Cutting the Girls

A quest to stamp out female genital mutilation

Directed by Nabaz Ahmed

In 2003 two Kurdish filmmakers began exposing the hidden practice of female genital mutilation in Iraqi Kurdistan. It was the start of a ten-year odyssey through villages in the region. Filmmakers Nabaz Ahmed and Sama Fariq, with the help of Shara Amin, worked with NGOs Wadi and Hivos to create a film to help shock authorities into action

Together they captured for the first time the horror of this ancient practice in a film called A Handful of Ash. The filmmakers were able to persuade girls and women to speak frankly about the horror of FGM, from aspects to the effect on women’s sex lives to mothers struggling against their own communities to protect their daughters from mutilation.

The documentary was shown in the Kurdish Regional parliament, and became a key tool for a campaign to ban FGM in the region. With the impact of the the film, petitions, leafleting and the tireless work of local charities, it was a campaign that was ultimately successful – the bill was passed to outlaw the practice.

Guardian Films and BBC Arabic co-produced a documentary of the filmmakers’ ten-year project. Cutting the Girls was first released in Arabic, with an estimated audience of 22 million. WorldView has funded the crucial English-language version of the film. It is being shown to lawmakers in Nigeria, which has the world’s largest number of females with FGM – approximately 28 million, to help kickstart a campaign for a ban, again by using the media.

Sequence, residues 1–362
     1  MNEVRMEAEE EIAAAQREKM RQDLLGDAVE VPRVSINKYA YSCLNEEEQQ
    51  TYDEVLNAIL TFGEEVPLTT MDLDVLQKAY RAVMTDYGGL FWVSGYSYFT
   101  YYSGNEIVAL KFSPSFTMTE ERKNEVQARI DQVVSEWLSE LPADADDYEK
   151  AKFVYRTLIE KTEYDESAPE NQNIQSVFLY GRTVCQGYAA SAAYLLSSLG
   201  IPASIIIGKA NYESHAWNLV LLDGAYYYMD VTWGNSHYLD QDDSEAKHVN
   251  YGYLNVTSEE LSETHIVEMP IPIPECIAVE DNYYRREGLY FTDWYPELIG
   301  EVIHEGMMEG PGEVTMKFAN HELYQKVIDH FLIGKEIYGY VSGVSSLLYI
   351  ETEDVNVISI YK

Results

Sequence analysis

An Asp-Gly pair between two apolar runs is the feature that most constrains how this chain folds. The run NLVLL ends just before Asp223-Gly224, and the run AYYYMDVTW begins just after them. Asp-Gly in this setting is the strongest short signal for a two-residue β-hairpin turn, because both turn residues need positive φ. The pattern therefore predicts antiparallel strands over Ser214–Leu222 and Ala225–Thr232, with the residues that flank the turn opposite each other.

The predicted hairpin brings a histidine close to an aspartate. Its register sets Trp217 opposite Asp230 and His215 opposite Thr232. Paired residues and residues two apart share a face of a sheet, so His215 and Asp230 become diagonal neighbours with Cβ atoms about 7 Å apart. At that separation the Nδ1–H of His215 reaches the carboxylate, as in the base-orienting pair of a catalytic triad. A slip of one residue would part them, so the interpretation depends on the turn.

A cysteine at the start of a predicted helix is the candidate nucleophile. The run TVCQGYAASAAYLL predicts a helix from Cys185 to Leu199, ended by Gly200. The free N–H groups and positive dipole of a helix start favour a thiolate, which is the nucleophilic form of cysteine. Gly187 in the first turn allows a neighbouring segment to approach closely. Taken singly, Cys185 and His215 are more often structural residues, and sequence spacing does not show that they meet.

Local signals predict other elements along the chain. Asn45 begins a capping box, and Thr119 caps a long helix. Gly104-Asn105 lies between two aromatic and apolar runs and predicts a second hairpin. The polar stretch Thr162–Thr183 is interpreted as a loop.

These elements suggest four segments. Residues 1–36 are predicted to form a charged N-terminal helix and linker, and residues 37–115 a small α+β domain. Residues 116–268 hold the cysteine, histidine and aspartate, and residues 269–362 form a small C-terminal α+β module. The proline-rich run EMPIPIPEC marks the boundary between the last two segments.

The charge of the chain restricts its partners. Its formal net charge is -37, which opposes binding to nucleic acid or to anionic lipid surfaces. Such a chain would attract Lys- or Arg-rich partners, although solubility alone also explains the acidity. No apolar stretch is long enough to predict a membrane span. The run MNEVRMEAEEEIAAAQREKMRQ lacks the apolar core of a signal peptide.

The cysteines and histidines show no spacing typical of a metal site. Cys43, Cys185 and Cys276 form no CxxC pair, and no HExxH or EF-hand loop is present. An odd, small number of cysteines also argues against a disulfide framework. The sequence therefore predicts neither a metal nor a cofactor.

According to research by Wadi, an Iraqi-German NGO, FGM rates in some parts of Kurdistan have fallen by 60 per cent in a decade. But while the law might have changed, it will take more time and effort to change attitudes in order to eradicate this practice.

More about the film and the work behind it on the Guardian website

Image on home page from a series by Andrea Bruce

Testimonial

Many thanks to WorldView for its support, and we hope to build on this powerful media partnership to eradicate the practice within a generation. Maggie O’Kane, Editor, Guardian Multimedia Investigations; and Editorial Director, Guardian Films

 

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